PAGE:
Notes On Counter Scanning For Intrusion Detection



From: whitehats@sympatico.ca
Date: Monday, August 04, 2003 2:09:53 PM
To: intrusions@incidents.org
Subject: RE: LOGS: GIAC GCIA Version 3.3 Practical Detect: 1


Greetings Intrusions List Participants,

This email is for clarification on the topic of acceptability in probing or
actively scanning other hosts without permission for the purposes of fulfilling
the GCIA Practical Assignment requirements.

While scanning and/or probing other hosts actively may not be illegal in certain
countries it is certainly considered objectionable by most people and not
condoned by SANS/GIAC. This is mostly an etiquette issue right now, as laws do
not exist in most countries to prohibit this kind of activity.

Look at it this way. If someone started probing your addresses because they
suspected your addresses had probed theirs, we'd have an infinite loop develop
in certain situation. At least we'd be increasing traffic and what's to say
that the original stimuli really originated from the IP's in question. If
you're working on a compromise or high impact incident you'll first contact the
proper registered offender and seek their cooperation. Outside of this your
ethics could be called into question.

For the purposes of the GCIA Practical assignment if you submit work that
actively probes other hosts for vulnerabilities and you do not include specific
authorization obtained to do so from the other party your paper will not receive
a passing grade. This is hard to adjudicate so I'll set the ground rules.

Acceptable Recon:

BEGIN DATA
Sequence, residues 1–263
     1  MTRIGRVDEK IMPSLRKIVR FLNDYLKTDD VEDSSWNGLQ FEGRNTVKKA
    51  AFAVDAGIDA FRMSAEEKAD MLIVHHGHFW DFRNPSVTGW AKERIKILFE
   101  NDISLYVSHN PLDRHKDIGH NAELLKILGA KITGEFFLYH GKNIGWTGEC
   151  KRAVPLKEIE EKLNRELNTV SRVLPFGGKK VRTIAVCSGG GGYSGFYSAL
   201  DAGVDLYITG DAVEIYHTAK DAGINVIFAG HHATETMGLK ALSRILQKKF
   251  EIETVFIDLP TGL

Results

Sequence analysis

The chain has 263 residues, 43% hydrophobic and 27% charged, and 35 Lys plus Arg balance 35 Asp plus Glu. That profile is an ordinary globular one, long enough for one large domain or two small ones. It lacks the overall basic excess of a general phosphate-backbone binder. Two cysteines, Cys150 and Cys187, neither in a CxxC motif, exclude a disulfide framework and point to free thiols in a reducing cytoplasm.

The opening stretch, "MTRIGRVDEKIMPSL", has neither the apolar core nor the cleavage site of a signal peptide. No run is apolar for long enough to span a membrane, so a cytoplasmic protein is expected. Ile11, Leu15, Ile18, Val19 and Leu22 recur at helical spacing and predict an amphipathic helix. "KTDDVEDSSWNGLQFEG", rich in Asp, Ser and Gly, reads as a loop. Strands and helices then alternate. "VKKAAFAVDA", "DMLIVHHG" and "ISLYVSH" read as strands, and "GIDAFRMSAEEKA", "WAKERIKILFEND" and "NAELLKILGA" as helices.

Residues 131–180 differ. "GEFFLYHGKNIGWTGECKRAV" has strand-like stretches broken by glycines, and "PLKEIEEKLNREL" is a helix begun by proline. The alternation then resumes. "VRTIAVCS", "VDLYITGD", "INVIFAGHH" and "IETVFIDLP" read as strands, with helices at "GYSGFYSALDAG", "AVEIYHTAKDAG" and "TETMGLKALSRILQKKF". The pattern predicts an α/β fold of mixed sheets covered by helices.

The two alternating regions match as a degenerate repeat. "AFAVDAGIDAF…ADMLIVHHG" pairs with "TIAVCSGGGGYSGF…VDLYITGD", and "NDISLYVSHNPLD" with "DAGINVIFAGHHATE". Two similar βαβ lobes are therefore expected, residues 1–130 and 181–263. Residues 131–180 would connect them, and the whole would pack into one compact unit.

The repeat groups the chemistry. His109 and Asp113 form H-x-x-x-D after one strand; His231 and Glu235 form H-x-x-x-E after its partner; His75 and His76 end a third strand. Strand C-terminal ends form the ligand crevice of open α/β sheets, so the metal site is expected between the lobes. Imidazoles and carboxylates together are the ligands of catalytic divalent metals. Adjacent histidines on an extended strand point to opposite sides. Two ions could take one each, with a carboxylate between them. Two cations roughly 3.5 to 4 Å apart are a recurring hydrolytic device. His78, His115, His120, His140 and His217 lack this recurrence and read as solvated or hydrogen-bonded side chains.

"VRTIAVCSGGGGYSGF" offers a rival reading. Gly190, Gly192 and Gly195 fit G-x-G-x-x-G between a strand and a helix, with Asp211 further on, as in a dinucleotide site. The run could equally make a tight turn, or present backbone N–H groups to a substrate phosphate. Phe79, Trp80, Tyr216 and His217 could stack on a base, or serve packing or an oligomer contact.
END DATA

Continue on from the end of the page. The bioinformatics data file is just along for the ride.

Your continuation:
If you banner grab a publicly advertised service this is considered acceptable.
For example a service known or highly probable to be running such as when logs
indicate the host is a web server running on port 80 and the DNS resolution
resolves to www.somedomain.com then doing a head of the index to get the server
version isn't considered a bad thing as long as it is pertinent to your analysis
and the server is advertising the service.

Unacceptable Recon:
If on the other hand you perform a scan for services outside of this scope
without permission you're stepping beyond the boundaries of acceptable behavior.
Depending upon the circumstances you may or may not be given the opportunity to
correct this portion of your paper and resubmit. An example would be an NMAP
scan of a host. This is not acceptable without consent from the other party.
Put yourself in the other organizations shoes too. If someone advertised a
vulnerability found in your organizations services without even contacting you
to try and coordinate a fix you'd be pretty mad about it whether the probe was
legal or not. Not only would you be doing the organization who likely was an
unwilling party in something a disservice but you'd be doing the first part of a
real attackers dirty work for them and leaving your fingerprints in the process.

Please keep this in mind while conducting your analysis and respect the assets
of other organizations. If you suspect something is drastically wrong at
another org, contact them and coordinate with them to try and get to the bottom
of the problem. 95% of the time you'll find someone receptive to your request